We had a rare, weekend with no plans last week. The weather on saturday was gorgeous, so after a lazy start to the morning we took a walk in to town. We came home with a ham hock from the butchers and a dressed crab from the fishmongers along with a few bits of veg. Saturday evening I used the crab to make a crab linguine and set about preparing the ham hock for sunday lunch. I found a delicious sounding recipe using ham hocks in Nigella’s latest book Kitchen, in which she devotes 11 pages to it. There is the base recipe for ham hock in cider, a recipe for leeks in white sauce to serve along side it and lots of information and recipe ideas for the leftovers. These include using the stock to make a cidery pea soup, using any leftover ham and leeks to make pies or pasties and a ham hock and soya bean (or broad bean) salad. I love the fact that she has a whole chapter on cooking meat on the bone (and mostly the cheaper cuts) where the emphasis is on effortless, slow cooking and really making the most of the meat you buy.This recipe is a perfect example, the ham needs soaking overnight and then all the ingredients are combined and cooked on the hob for 2 hours whilst you’re free to read the sunday paper (or recipe books if you’re anything like me).
The ham hock we bought cost only £2.30 and produced easily enough meat for the two of us for sunday lunch. I served it with a leek and potato mash and some carrots. We both enjoyed our somewhat frugal sunday lunch. The meat was tender, falling easily off the bone and had bags of flavour.
The stock left over from cooking the ham was put to good use following Nigella’s recipe for cidery pea soup producing 4 good-sized portions. The soup is too simple to even require a true recipe. Sunday afternoon, once the stock was cooled, I strained the stock in to a large container and left it in the fridge overnight. The following lunch time I removed the stock from the fridge (to satisfyingly find a jellified stock), scraped the fatty layer off the top and heated the remaining stock on the hob. Added a 900g pack of frozen peas and boiled until the peas were cooked (approximately 5 minutes). I then blitzed the soup, seasoned to taste and served. Nigella also adds the juice of a lime but since we didn’t have one in I didn’t bother. The soup was full of flavour, with subtle hints of ham & cider coming through, not sure how we’ll go back to this pea soup made with vegetable of chicken stock cubes!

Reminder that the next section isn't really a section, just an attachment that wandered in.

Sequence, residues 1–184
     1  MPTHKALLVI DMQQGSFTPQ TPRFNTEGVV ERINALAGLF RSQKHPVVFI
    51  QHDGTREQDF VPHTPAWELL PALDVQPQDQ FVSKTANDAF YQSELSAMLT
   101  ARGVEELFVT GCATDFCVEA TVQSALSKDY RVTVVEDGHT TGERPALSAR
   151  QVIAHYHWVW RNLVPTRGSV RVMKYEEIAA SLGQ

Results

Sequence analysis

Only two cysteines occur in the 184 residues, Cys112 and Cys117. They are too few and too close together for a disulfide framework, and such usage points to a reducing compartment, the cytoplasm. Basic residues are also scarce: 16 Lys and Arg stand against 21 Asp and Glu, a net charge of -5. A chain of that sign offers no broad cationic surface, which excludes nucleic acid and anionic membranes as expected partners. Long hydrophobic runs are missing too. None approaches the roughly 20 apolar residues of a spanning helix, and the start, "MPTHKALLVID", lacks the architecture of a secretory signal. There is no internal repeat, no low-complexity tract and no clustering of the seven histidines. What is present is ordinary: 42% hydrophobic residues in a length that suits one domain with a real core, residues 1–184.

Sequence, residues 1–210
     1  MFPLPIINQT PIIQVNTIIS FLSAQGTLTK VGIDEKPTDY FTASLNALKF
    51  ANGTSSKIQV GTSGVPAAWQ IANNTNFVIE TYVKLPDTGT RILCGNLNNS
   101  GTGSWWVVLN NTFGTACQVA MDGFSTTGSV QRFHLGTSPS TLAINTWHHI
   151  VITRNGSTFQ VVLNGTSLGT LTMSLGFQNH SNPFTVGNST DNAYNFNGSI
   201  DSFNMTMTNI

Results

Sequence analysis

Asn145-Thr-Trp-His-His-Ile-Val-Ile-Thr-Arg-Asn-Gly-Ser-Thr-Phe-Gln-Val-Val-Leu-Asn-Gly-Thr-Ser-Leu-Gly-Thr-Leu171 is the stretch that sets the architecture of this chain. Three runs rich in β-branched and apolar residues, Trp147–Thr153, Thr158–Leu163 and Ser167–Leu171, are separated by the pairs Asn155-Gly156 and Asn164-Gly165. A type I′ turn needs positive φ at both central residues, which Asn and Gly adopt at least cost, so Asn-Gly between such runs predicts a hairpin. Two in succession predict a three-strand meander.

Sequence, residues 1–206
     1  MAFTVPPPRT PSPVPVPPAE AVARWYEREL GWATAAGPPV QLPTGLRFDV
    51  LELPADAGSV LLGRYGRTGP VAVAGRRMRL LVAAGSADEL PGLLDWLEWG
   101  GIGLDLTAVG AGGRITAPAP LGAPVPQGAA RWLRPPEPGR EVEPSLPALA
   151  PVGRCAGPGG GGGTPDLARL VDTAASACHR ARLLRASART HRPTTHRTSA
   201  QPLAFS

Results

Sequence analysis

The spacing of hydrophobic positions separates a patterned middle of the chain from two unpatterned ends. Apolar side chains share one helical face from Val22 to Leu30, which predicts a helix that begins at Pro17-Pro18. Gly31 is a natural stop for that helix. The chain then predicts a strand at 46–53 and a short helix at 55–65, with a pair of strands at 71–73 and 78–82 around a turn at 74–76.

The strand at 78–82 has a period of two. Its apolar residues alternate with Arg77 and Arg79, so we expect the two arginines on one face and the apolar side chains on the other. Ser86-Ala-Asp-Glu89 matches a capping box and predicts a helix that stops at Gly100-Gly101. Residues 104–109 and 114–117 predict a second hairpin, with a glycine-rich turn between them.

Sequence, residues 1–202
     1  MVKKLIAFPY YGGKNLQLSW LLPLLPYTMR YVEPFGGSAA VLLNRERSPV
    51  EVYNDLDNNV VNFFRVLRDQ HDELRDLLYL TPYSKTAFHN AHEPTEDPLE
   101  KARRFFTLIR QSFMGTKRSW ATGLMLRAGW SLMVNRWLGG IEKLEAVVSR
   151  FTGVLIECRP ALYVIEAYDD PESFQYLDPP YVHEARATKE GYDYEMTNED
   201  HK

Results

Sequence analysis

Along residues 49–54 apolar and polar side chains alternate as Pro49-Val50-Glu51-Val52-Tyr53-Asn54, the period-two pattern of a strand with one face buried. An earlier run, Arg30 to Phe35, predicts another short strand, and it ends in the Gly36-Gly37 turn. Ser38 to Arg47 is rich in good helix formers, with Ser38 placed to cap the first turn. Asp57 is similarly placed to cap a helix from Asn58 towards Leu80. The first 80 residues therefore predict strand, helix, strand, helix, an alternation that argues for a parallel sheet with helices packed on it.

Ham hocks in cider
Serves 6 (we only used 1 ham hock and I halved all the other ingredients and it comfortably served 2)
2 ham hocks (just over 1.5kg each – didn’t weigh mine so I can’t tell you how this compared to Nigella’s recommendation)
1 litre dry cider
2 sticks celery, halved
2 carrots, peeled and cut into 2 or 3
4 small onions, halved, skin left on
stalks from fat bunch flat-leaf parsley
1 x 15ml tbsp black peppercorns
1 x 15ml tbsp fennel seeds
1 x 15ml tbsp dark muscovado sugar
- Soak the hocks overnight in cold water in a cool place, to de-salt them. Alternatively just under an hour before you plan to cook them, put the hocks in a pan, cover with cold water, bring to the boil, drain and then proceed normally with the next step.
- Drain and rinse the hocks, then put them in to a pan with all the other ingredients, add cold water to cover the hocks, and bring to the boil.
- Simmer the hocks for about 2 hours, partially covered with a lid, by which time the meat should be tender and coming away from the bone. Take the hocks out of the stock and let them cool a little on a carving board before you slice or chunk up the meat, discarding fat, skin, cartilage and bones. Leave the stock to cool in the pan while you eat.